Herinnering aan Holland

Denkend aan Holland
zie ik breede rivieren
traag door oneindig
laagland gaan,
rijen ondenkbaar
ijle populieren
als hooge pluimen
aan den einder staan;
en in de geweldige
ruimte verzonken
de boerderijen
verspreid door het land,
boomgroepen, dorpen,
geknotte torens,
kerken en olmen
in een grootsch verband.
de lucht hangt er laag
en de zon wordt er langzaam
in grijze veelkleurige
dampen gesmoord,
en in alle gewesten
wordt de stem van het water
met zijn eeuwige rampen
gevreesd en gehoord.

Hendrik Marsman



Memory of Holland

Thinking of Holland
I see broad rivers
slowly passing
through infinite lowland
rows of unthinkably
slim poplars
like plumes
standing high on the horizon
and submerged within
a tremendous space
the farms
spread through the land,
copses, villages,
pollarded towers,
churches and elms
in a great bond
the sky hangs low
and the sun is slowly
stifled by the manicoloured
steamy grays
and in all parts
the voice of the water
with its eternal disasters
is feared and heard

a literal translation as the music is never retained in translation, becoming new music ousting the old. so here is a tranlsation without music to leave the music of the original in tact at least for those who can enjoy it.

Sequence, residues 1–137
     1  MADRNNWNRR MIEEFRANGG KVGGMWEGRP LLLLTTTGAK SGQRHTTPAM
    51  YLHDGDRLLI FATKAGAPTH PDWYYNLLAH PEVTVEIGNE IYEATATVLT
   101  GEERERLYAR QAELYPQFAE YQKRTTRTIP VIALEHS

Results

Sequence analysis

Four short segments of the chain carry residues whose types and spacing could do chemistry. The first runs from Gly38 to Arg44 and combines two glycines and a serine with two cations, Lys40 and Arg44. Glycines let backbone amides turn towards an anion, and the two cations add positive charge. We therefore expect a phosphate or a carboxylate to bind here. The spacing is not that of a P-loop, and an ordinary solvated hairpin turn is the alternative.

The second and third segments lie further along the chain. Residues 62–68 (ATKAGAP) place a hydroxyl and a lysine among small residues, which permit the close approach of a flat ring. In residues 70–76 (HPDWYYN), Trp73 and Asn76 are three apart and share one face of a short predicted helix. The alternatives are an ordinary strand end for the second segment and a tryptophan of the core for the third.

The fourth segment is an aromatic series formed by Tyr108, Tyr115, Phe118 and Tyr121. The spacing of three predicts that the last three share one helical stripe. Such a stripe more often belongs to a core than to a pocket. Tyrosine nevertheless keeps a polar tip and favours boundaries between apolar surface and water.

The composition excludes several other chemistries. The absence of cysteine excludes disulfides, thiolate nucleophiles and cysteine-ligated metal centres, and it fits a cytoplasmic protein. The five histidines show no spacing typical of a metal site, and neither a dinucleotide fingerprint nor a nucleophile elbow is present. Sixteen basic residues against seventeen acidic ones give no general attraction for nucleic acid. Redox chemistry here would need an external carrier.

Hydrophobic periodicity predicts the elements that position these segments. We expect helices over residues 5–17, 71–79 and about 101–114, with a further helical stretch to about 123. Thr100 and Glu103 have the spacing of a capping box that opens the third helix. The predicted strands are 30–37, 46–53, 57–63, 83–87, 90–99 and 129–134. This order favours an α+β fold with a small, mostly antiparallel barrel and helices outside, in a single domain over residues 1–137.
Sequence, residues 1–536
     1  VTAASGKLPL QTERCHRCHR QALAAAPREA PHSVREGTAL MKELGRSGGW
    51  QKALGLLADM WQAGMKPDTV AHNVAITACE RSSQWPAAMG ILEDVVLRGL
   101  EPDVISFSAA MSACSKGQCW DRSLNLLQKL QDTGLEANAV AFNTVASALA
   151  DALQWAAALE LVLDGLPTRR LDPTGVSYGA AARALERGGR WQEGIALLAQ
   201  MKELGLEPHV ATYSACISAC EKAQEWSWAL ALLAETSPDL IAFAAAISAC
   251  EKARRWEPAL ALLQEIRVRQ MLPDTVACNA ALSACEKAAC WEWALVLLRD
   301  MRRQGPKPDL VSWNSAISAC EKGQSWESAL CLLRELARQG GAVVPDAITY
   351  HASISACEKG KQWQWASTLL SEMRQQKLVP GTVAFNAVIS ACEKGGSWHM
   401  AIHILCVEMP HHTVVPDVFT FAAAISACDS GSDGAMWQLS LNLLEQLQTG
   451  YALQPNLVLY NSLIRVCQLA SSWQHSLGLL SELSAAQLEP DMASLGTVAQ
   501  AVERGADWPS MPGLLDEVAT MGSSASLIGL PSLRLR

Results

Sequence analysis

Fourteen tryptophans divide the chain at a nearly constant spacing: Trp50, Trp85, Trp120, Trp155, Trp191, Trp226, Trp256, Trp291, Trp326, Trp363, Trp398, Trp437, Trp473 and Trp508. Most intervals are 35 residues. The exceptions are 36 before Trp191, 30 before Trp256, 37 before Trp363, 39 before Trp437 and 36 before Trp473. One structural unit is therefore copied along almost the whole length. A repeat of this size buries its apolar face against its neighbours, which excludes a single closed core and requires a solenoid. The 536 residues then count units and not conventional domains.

Rosie sailing on the Markermeer
Monnickendam harbour, view from our boat
Monnickendam Harbour view of our boat in a humid condition
Monnickendam quay-side house
The weighing house in Monnickendam
A street in Monnickendam
A beautiful curved street leading from the weighing house to the church
The other side with a view of the church
Epitaph on the house nearest the church. I hope it is ironically meant... It translates as: "Being different is not allowed..."
The church in Monnickendam
Same street again, can't get enough of it
House with double shutters, the lower ones opening out as display tops
Hoorn, detail of a side window in a house with a stone facade
Hoorn, A lovely house with generous shopfront windows
Early classicism
The looming door of the rich
A joke....
A lovely perspective on a curved street in Hoorn
Hoorn harbour, it is difficult to see our boat
The beautiful houses along the quayside
The same with the tower
The same again, from afar
The tower of Hoorn
A street near the harbour
Shifting surfaces
rain on teh Markermeer, returning home